The National Center for Science Education published a terrific tour of creationist Ken Ham’s new Noah’s Ark theme park by Dan Phelps, the president of the Kentucky Paleontology Society. The entire piece is well worth a read, but I was especially interested in the Ark Encounter’s presentation of antediluvian life, the period of the Nephilim from Genesis 6 that so interests both creationists and fringe historians of every stripe. After reading Phelps’s description, I was genuinely surprised to see that Ham has absorbed so much fringe history into his supposedly “scientific” approach to Biblical literalism.
Over on Ancient Origins, we find that David Naef, who wrote an earlier article about the “mysteries” of Mount Shasta, has a new article in which he relates a 1916 account of giants. The story comes from Lucy Thompson, a Native American who in 1916 published a book called To the American Indian: Reminiscences of a Yurok Woman. Naef selectively quotes part of Thompson’s account, eliding uncomfortable details that point toward a polemical purpose behind her story.
It’s a bit long, but it’s worth looking at Thompson’s account in full:
Friday Follies: Trump's "Dark Conspiracy," Plus: Thomas Mills Claims Hopi Built Pyramids; Also: Time Travel Shows
Yesterday Donald Trump delivered a fiery speech in which he blamed his current scandals on a “dark conspiracy” fomented by “international banks” working in conjunction with “elites” in order to undermine the will of the American people. Given that Trump is tied to New World Order conspiracy theorist Steve Bannon, his campaign CEO, and Info Wars conspiracy theorist Alex Jones, it seems quite probably that these “international banks” are a reference to the international bankers routinely blamed for attempting to create a one-world genocidal government in conspiracy literature. These bankers are typically described as identical with or stooges for space aliens, Reptilians, Freemasons, and above all, Jews. Indeed, among the so-called “alt-right,” white nationalists seized on this phrase and began posting online conspiracy theories about how the Jews are behind Trump’s scandals.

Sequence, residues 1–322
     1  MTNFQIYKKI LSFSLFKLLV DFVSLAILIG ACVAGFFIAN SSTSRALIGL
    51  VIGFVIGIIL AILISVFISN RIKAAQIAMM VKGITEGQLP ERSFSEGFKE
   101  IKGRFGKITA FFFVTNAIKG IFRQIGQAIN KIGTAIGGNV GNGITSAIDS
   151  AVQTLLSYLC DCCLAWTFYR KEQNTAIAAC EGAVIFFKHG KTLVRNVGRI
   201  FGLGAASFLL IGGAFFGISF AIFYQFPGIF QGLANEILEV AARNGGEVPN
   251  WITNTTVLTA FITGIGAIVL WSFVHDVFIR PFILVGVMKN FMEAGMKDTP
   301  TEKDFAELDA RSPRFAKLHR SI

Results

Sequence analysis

I could have swornI talked before about French scholar Julien d’Huy’s claim that a computer program can prove that world mythology can be traced back to a single set of Paleolithic myths. But it turns out that I was mistaken. I actually covered the incredibly similar work of Jamie Tehrani of Durham University and Sara Graca Da Silva of Lisbon’s New University, who applied a computer program to try to use a linguistic analysis to determine the origins of myths and legends. D’Huy, who has followed a similar research program since 2012 and who proudly uses the same methodology, has a new article in Scientific American alleging that he can trace world mythology back to the Stone Age.
This October, Destiny Books will publish John Matthews’s new book, Spring-Heeled Jack: From Victorian Legend to Steampunk Hero, but the subtitle belies that actual contents of the book, which focus on trying to prove that Jack was actually a modern psychical eruption of ancient mythology, a sort of Freudian return of the repressed in the form of a cri de coeur of liberty and nature against the tyrannical forces of urbanization, industrialization, and centralization. Personally, I think it overreaches.
I'm an author and editor who has published on a range of topics, including archaeology, science, and horror fiction. There's more about me in the About Jason tab.
Enter your email below to subscribe to my newsletter, The Skeptical Xenoarchaeologist, for updates on my latest projects, blog posts, and activities.
Terms & Conditions
Please read all applicable terms and conditions before posting a comment on this blog. Posting a comment constitutes your agreement to abide by the terms and conditions linked herein.